Panel Tells GTMS to GTFO with RDNH

GTFO, that’s RDNH!

A World Intellectual Property Organization National Arbitration Forum panel has found satellite services company Global Transmission Media Solutions (GTMS) guilty of reverse domain name hijacking.

GTMS filed a UDRP on the domain name, which was registered in 1999. That’s well before GTMS’ purported first use of the acronym as a brand.

GTMS suggested that the domain owner’s non-use of the and two other domains he owned (which were family names) was evidence of bad faith.

Here’s what the panel had to say about why this dispute was brought in bad faith:

What is rather clear from the contents of the Complaint is that the main motivation for the commencement of these administrative proceedings stems from a frustration on the part of Complainant in not having been able to obtain the domain name which corresponds to the initials of its company name and the letters in the GTMS design mark, its attempts to contact Respondent to negotiate a transfer of the domain name having failed. Complainant was clearly aware that the disputed domain name had been registered since December 1999 and should have realised from that fact alone that it had no basis whatsoever for alleging bad faith registration on the part of Respondent, which is one of the essential elements required by the Policy. To use the UDRP administrative proceeding as Complainant’s last resort to “[securing the domain name] for [its] branding to match with [its] trademark” and because of its concern “that a growing number of [its] potential customers will be unable to connect with [them]” constitutes an abuse of the proceedings…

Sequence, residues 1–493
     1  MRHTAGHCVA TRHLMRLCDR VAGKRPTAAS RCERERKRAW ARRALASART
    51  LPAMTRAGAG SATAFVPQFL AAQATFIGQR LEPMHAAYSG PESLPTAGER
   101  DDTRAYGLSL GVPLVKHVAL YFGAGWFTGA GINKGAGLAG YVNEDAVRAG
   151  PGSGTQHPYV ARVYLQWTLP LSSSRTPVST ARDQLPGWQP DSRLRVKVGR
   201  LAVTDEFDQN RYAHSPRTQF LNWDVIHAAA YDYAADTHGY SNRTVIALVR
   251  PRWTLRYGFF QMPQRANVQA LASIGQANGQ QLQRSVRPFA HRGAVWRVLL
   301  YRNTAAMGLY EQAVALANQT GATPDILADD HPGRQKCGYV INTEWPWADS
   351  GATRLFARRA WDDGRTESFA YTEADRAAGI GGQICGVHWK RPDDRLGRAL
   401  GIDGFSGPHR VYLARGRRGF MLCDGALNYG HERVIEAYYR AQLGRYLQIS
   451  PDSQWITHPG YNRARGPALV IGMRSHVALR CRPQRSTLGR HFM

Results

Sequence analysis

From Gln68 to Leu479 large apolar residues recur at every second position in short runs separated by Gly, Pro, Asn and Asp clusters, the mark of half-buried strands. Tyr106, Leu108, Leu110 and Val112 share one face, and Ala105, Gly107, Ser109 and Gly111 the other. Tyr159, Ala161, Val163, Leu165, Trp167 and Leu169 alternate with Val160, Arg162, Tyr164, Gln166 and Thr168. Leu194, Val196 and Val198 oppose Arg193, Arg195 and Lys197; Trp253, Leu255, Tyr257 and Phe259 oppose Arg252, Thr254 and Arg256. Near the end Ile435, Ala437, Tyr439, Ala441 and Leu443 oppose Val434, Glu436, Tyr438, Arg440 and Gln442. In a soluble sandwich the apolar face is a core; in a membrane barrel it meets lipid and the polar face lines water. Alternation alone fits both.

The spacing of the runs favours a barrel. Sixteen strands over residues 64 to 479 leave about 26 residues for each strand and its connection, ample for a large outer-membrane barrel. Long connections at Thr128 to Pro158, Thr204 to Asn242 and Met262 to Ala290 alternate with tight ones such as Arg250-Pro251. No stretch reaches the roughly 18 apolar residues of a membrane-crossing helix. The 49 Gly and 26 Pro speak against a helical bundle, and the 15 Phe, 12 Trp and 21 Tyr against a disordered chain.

..This was a Complaint that should never have been filed. Complainant knew that the disputed domain name was registered at least around seven years before it was incorporated and before it acquired registration rights in the GTMS design mark. The Panel therefore makes a finding, pursuant to Paragraph 15(e) of the Rules, that the Complaint was brought in bad faith and constitutes an abuse of the administrative proceedings.

The owner of was represented by Zak Muscovitch of The Muscovitch Law Firm.


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